35. Past Secrets by Cathy Kelly. A chick-lit tale of several women in an Irish town as they come to terms with secrets they have kept in their lives. Good story, fun characters. B.

36. My Cousin the Saint by Justin Catanoso. This is a combination memoir and biography of a twentieth-century Italian saint. While the biography was interesting, the memoir part was quite unsatisfying. The author, a lapsed Catholic, seemed to want it both ways--he wanted a "Santa Claus" saint who would give his family everything they needed, and he wanted all this without obligation of belief on his own part. Maybe that was the idea, to show himself "warts and all" but I found it irritating. B.

37. Sarah's Key by Tatiana deRosnay. I read this book in an afternoon. It was fabulous, and heartbreaking all at once. It's a dual story, but they're both connected. A little girl, faced with a roundup of Jews in Nazi-occupied Paris, locks her brother in a cabinet in the hopes of hiding him from the Nazis. Sixty years later, an expat American journalist learns about this roundup and her own connection to that same Paris apartment. A+.

38. Talk of the Town by Lisa Wingate. The first book I've read entirely on the Kindle app for my iPod touch. A cute story with a bit of a Christian twist (but not very over the top) about a young woman who works for an American Idol-type show and the even younger performing artist she's assigned to work with. B+.

39. The Prize Winner of Defiance, Ohio by Terry Ryan. A biography written by the daughter of a woman who used her ability to win "twenty-five-words-or-less" sweepstakes to support her ten children and alcoholic husband. This was a re-read--it's an excellent story and portrait of 1950s America. B+.

40. Good to a Fault by Marina Endicott. This novel begins with a fender-bender; a lonely single woman takes pity on a homeless family after she totals their car, taking them into her home while the mother undergoes cancer treatment. The novel deals not only with group dynamics but also the role guilt plays in good works. You don't get a neat, clean ending--but then, when do you ever, in real life? B+.

41. The Sugar Camp Quilt by Jennifer Chiaverini. A novel from the Elm Creek Quilts series. Back story: the Underground Railroad years. B.

42. The Christmas Quilt by Jennifer Chiaverini. A novel from the Elm Creek Quilts series. This was kind of a mini-novel. B.

43. Circle of Quilters by Jennifer Chiaverini. A novel from the Elm Creek Quilts series. B.

44. The Quilter's Homecoming by Jennifer Chiaverini. A novel from the Elm Creek Quilts series. B.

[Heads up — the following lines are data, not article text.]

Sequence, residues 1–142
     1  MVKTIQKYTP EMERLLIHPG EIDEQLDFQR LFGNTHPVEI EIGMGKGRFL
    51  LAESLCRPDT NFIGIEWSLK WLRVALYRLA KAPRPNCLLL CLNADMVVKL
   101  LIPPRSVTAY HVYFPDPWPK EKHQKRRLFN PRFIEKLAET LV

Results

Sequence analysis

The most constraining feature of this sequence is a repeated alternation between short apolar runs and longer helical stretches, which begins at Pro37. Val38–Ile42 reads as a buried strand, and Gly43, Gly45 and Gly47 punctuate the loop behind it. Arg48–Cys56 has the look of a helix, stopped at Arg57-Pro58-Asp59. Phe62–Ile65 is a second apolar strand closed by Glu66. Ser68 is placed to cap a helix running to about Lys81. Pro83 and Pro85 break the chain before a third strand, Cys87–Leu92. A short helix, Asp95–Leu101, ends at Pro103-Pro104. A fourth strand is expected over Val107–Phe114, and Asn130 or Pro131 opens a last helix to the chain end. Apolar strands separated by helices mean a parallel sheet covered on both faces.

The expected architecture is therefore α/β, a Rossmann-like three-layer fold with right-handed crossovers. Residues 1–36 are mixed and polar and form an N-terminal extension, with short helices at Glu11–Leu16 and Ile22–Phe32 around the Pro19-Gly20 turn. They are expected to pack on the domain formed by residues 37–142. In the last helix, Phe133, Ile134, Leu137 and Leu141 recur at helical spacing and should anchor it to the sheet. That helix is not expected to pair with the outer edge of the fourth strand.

45. The Winding Ways Quilt by Jennifer Chiaverini. A novel from the Elm Creek Quilts series. B.

46. The New Year's Quilt by Jennifer Chiaverini. A novel from the Elm Creek Quilts series. This one was awfully short! B-.

47. The Quilter's Kitchen by Jennifer Chiaverini. A novel from the Elm Creek Quilts series. Rather disappointing. I liked the addition of recipes and will try some--but there wasn't much to the novel. C.

48. A Quilter's Holiday by Jennifer Chiaverini. A novel from the Elm Creek Quilts series. Another short one. B-.

49. The Lost Quilter by Jennifer Chiaverini. A novel from the Elm Creek Quilts series. A historical novel about an escaped slave. B+.

50. The Time It Snowed in Puerto Rico by Sarah McCoy. A coming-of-age novel about a young girl, who describes the discomfort she feels about growing up, getting a sibling, and relationships with other preteens. I felt uncomfortable right along with her. Pretty disappointing. C+.

51. Through the Heart by Kate Morgenroth. I'm not sure how I ended up with this murder mystery (not what I usually read) but this was a really good book! Unlike any mystery I've read before, this one did not start with the body--but instead introduced many characters, situations, motives...and you didn't find out who was killed (or who did it and why) until almost the very end. Good stuff! A.

52. Sleepwalking in Daylight by Elizabeth Flock. Should have been titled something like "Watching a Family Implode." Yikes. This one was like looking at a train wreck--you just can't look away. A mom in her 40s deals with a distant husband, an adopted teen daughter who is caught up in drugs and sex (and her parents don't know it), and young twins. B.

53. Our Lady of Fatima by William Thomas Walsh. Based on Lucia's own memoirs and interviews with eyewitnesses, this account tells the story of the Fatima apparitions. Recommended for teens and up--but be aware, there are lots of Portuguese words in the book. I love that, but I know it drives other people crazy. A.

54. The Moon Looked Down by Dorothy Garlock. A novel set in late-World War II America; a young German immigrant and her family, all of whom came to the USA during the Hitler era but before the war broke out, are persecuted by some young men and receive protection from an unlikely source. It's a romance novel, and I could have done without that--the story stands on its own nicely without it. B.